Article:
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View Full Version : How to correct for too much pastel


lisagirl
05-18-2007, 10:48 AM
HI there, :wave: I'm new to this site and new to pastel and have been amazed at the wealth of information shared here in this community. I have a question that I am sure you all can help me with ... I started a pastel portrait and am afraid that I may have overworked the fleshtones on his face. I'm worried that I may have blended with my fingers too early in the process. Is there something I can do to successfully pull off some of the pastel so that I can recover this first effort? I am working on Canson Mi Tientes paper with a combination of a small set of Rembrandt and a couple sticks of both Schminke and Sennelier.

Also, should I be building colors in strokes first and then try blending with fingers once all the tones in the face are well established. Any insight you can provide will be much appreciated. I'm sure I can learn alot of valuable information from all the great artists I've seen here on this site. This site is truley an amazing resource.

chewie
05-18-2007, 12:48 PM
welcome, and i'll try to give some helps--
you can brush it off with a soft toothbrush or bristle brush
you can use shipping tape, wrapped backwards (sticky side out) and just pull off some pigments.
then after one of these steps you can use a kneaded eraser to get a bit more off, or rather, use some fix and then it should hold some more pastel.

as for blending, I don't much at all, using the harder sticks like fabers, to blend instead of a finger. in tiny spots like eyes, i may use a 'color shaper' (rubber thingie that looks like a brush) but usually I only dab at an area so the stroke isn't so strong but not rub the finger so the colors dont' muddy. once you get a certain amt. of pastel on any surface, they somewhat blend themselves as you add one ontop of another.

lisagirl
05-18-2007, 01:21 PM
Thank you Chewie. I will try that out and see if I can start again. Do you use the fabers as pressure to move color around or are the marks/color you are laying down create the blending? I picked up some Nupastels the other day and have not tried them yet. I wonder if the Nupastels can be used as you use the Fabers. Maybe I should be using my harder pastels more and then reserve the softer ones for the top or last layers.

DAK723
05-18-2007, 09:58 PM
When I work on Canson (or similar papers) I blend with my fingers. I do most of the blending in my earliest stage. I am blending for 2 basic reasons: To cover large areas of the paper with a very thin amount of pastel, and to blend intermediate values and/or colors. I do not do much layering and on a paper like canson you can't do much layering. I usually lay down different values or colors next to, or slightly overlapping each other, then I blend those areas together.

Believe it or not, I use a vacuum cleaner (brush attachment) to remove pastel. I am not sure if Canson is sturdy enough for this, but I have done it with velour and LaCarte (just today, as a matter of fact). Obviously, this method is not for small, precise removal.

Don

Donna A
05-19-2007, 12:34 AM
Hi, Lisa! Here is a link to Removing Pastels in the Writings section of my web site. This will give you several ideas and the whys and wherefores of each!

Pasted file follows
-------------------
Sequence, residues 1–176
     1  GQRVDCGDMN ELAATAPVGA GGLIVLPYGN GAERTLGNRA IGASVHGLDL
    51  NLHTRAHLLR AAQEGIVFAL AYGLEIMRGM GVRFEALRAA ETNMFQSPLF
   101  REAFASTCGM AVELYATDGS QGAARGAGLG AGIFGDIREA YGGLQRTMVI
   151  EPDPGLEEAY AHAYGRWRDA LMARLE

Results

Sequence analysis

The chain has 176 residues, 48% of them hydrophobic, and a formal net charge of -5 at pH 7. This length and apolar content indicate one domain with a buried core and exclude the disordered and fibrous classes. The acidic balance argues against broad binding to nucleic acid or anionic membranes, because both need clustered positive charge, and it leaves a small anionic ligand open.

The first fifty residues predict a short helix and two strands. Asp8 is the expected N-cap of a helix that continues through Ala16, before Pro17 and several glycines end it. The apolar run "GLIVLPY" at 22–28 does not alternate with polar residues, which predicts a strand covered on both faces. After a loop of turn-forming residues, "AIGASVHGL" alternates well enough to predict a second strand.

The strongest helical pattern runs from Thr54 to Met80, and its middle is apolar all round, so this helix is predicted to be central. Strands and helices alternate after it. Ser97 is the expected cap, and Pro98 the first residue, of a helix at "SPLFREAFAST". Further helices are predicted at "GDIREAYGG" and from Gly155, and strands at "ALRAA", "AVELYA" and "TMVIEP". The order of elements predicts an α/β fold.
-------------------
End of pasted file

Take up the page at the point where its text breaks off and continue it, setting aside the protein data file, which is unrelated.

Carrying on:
http://www.aldridgestudios.com/610-RemovingPastel.html

Oh---I have a pdf file---I'll upload that so that you can print it off if you like. I wrote this several years ago for one of the IAPS Conventions. Very best wishes! Donna ;-} ps---here's the link to my whole Writings page where you'll find more Studio Tips for the Pastel Painter, notes on using Fixative---why and how, and other things that might be interesting to you. DA

chewie
05-20-2007, 05:35 PM
Thank you Chewie. I will try that out and see if I can start again. Do you use the fabers as pressure to move color around or are the marks/color you are laying down create the blending? I picked up some Nupastels the other day and have not tried them yet. I wonder if the Nupastels can be used as you use the Fabers. Maybe I should be using my harder pastels more and then reserve the softer ones for the top or last layers.

I use a color similar to what would be in-between the two I'm trying to blend--if I were to blend a deep blue with a deeper purple, I'd make the blue further into the area where I want the purple, but kinda rough, hatching strokes. then the purple goes on, same way, over the blue area, hatching. then I'd take something in the same color family, in the value I'm after, and scumble over the overlapping spot. alot of it is all in how much pressure I'm using, for this, its very little, I actually think of it as 'tickling' the paper. usually with a faber hard pastel. nupastels have had troubles with lightfastness, so I quit using them and went fabers, but use them the same way, yes. and depending on how soft your softies are, yes, I use those more to the end, but that is just me. i use the real softs for 'frosting', little zingers here and there, almost impasto at times. but you must find what works for you.(I know, that statement gets old, but tis true)

check out this artist, she uses rembt. as her very softest, then uses harders on top to blend in the way I described. uses tiny little strokes, doing one area at a time, only doing a few paintings per year, and they aren't big. amazing work
http://www.maslafineart.com/CasaWebsite/artworkshops/JanesWorkshopPage.html

lisagirl
05-21-2007, 12:28 PM
WOW Chewie that artist is amazing. Thanks for all the great information guys. I will give all this a try. Here is the piece I am currently struggling with. I don't know if maybe you can take a look at what I've done and tell me where I am going wrong.
http://dallasavionics.com/lc/HaydensoftPastel001_lr.jpg
http://dallasavionics.com/lc/HaydensoftPastel001_closelr.jpg